• The Storytellers Shadows

The Storytellers Shadows

The Storytellers Shadows

( from 245 reviews )
  • Author
    Bill Reed
  • Publisher
    Reed Independent
  • Publication date
    03 March 2018

UNLIMITED BOOKS, ALL IN ONE PLACE. FREE TO TRY 30 DAYS. SUBSCRIBE TO READ OR DOWNLOAD EBOOK FOR FREE. START YOUR FREE MONTH NOW!

eBook includes PDF, ePub, Mobi, Tuebl and Kindle version
FREE registration for 1 month TRIAL Account. DOWNLOAD as many books as you like (Personal use). CANCEL the membership at ANY TIME if not satisfied. Join Over 550.000 Happy Readers.

All secure, we guaranted 100% privacy and your information is safe
Recent Activity
Loading...

Loading ...

Loading...

Book Detail

  • Book Title

    The Storytellers Shadows

  • Author

    Bill Reed

  • Date Published

    03 March 2018

  • Publisher

    Reed Independent

  • Pages

    416 pages

  • ISBN

    9780648175698

Book Description

 

The live-acted shadow play of today uses live actors to evoke fantasy combined with realism to illustrate a fully-rounded play narrated by a storyteller sitting in full audience view.

It is not a puppet show.  It does not demand actors contort themselves into amazing shapes like trees of elephants. It is a play-behind that theatrically lies in the unfurrowed field between mime and the theatre we conventionally know today.  It has hardly, if ever, been attempted in a full play’s setting until now.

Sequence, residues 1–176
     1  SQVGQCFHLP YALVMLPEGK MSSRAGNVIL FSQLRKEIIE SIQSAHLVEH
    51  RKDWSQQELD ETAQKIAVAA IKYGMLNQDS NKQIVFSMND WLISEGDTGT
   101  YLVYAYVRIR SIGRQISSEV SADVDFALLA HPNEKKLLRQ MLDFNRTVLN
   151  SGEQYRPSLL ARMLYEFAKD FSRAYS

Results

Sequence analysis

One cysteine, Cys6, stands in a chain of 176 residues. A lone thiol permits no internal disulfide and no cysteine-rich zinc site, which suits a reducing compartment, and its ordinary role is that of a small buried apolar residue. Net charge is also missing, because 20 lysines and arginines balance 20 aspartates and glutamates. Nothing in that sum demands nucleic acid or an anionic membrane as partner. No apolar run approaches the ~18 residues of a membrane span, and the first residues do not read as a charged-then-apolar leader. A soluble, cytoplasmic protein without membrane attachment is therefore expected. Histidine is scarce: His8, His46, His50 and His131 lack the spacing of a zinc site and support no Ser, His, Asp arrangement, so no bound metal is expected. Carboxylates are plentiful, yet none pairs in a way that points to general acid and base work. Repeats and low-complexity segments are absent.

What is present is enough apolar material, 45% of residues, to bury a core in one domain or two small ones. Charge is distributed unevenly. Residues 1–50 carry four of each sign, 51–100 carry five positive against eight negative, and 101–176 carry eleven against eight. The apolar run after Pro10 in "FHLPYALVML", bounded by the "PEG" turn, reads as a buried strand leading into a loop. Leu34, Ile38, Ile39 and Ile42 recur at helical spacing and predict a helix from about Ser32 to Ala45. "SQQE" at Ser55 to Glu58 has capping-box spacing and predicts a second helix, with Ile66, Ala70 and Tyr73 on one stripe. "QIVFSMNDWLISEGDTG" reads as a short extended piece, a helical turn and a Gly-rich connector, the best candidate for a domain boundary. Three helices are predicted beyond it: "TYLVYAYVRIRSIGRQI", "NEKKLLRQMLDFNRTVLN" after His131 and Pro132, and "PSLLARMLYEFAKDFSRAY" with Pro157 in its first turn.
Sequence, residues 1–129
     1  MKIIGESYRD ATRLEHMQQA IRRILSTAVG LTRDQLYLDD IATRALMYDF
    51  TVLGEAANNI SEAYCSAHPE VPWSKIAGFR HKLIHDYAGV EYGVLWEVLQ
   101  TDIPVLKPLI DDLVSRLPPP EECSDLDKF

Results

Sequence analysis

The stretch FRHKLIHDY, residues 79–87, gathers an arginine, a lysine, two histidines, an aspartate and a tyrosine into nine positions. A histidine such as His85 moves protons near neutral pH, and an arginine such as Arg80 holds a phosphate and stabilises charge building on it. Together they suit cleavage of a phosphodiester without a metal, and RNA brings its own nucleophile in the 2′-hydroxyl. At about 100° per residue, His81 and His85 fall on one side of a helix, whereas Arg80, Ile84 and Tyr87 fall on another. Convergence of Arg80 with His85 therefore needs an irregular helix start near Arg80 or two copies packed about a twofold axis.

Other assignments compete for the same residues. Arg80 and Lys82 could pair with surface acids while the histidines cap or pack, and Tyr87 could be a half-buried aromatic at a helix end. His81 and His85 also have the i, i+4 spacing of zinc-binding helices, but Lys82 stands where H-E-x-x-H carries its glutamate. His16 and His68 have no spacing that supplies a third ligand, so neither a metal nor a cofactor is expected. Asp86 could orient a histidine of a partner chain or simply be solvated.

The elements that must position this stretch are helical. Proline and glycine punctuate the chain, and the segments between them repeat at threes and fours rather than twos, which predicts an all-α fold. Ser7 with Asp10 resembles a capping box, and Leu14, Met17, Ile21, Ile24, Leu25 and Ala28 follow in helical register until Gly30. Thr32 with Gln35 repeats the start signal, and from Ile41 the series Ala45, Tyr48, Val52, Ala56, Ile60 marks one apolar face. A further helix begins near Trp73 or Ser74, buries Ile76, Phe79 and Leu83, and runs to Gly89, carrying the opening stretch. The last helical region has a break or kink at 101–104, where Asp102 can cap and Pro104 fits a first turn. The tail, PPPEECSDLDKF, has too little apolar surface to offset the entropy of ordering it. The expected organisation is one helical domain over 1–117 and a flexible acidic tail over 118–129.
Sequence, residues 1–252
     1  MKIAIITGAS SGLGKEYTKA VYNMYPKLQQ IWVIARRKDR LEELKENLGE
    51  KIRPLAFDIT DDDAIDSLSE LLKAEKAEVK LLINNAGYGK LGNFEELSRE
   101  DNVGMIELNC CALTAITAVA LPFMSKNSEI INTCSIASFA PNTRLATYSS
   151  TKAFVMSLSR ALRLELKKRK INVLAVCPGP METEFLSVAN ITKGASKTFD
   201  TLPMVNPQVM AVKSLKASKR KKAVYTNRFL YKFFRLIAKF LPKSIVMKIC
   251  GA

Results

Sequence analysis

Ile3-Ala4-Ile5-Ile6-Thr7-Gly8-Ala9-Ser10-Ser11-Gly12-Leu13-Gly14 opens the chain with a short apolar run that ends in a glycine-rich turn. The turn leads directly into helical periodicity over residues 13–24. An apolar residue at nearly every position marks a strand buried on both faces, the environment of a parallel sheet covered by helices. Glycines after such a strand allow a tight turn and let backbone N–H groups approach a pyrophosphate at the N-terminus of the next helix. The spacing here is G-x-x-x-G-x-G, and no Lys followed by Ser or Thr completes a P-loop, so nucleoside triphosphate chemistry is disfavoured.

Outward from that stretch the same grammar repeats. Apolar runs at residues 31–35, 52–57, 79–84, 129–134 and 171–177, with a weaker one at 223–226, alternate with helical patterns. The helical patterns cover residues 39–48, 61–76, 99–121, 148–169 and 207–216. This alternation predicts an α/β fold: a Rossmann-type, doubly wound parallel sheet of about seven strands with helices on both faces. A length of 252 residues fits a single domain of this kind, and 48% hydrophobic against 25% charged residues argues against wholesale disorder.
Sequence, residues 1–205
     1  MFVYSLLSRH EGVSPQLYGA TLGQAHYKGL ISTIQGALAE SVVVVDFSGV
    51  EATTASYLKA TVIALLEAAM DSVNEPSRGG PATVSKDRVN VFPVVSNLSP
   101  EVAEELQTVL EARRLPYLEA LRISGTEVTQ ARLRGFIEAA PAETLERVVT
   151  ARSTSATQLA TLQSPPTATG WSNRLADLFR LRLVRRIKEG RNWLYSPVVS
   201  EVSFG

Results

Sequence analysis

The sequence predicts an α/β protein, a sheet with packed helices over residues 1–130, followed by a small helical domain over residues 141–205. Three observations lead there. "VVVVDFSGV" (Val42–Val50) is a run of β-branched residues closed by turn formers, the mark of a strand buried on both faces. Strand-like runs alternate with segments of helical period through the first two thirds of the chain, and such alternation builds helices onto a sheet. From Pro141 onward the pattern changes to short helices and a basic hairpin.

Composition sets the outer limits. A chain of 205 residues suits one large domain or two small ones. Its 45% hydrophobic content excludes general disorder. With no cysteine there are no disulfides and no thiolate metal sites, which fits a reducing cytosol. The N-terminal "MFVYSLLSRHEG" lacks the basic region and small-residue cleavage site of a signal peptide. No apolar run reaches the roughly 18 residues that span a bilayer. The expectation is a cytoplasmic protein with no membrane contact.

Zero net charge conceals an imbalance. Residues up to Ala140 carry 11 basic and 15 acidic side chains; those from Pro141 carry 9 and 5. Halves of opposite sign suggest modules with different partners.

The modern live-acted shadow play can be seen (at least conceptually) to need two directors working in unison – one to conduct how the shadow play portion of the performance can be welded into an amusing and poetic distillation of the storyteller’s tale; the other to take care of the overall dramatic interaction between the storyteller and the shadow play behind him or her.

Here are 14 pioneering live-acted shadow plays especially written for wholesale professional stage production, or for ‘picking-and-choosing’ by workshoppers and educators. Three of them are world classics by Gogol, Morton and Runyon especially adapted by Bill Reed; the others are of his own making.  Each contains probably a deliberate over-fullness of shadow-play directions, but only to give the director the widest choice of possibilities to get his shadow play to keep pace with the story, even if it’s not really practical to wholly keep up with every narrative twist and turn.

What each play has in common are elements of the fantastical and the magical threading through the down-to-earth, a blending that only the shadow play can evoke in any sort of encompassing harmony.

In its dynamic interplay of shadow acting and voice, the live-acted shadow play of today almost represents a new form of theatrical genre.

© euro-book.net 2021

1108 Members Online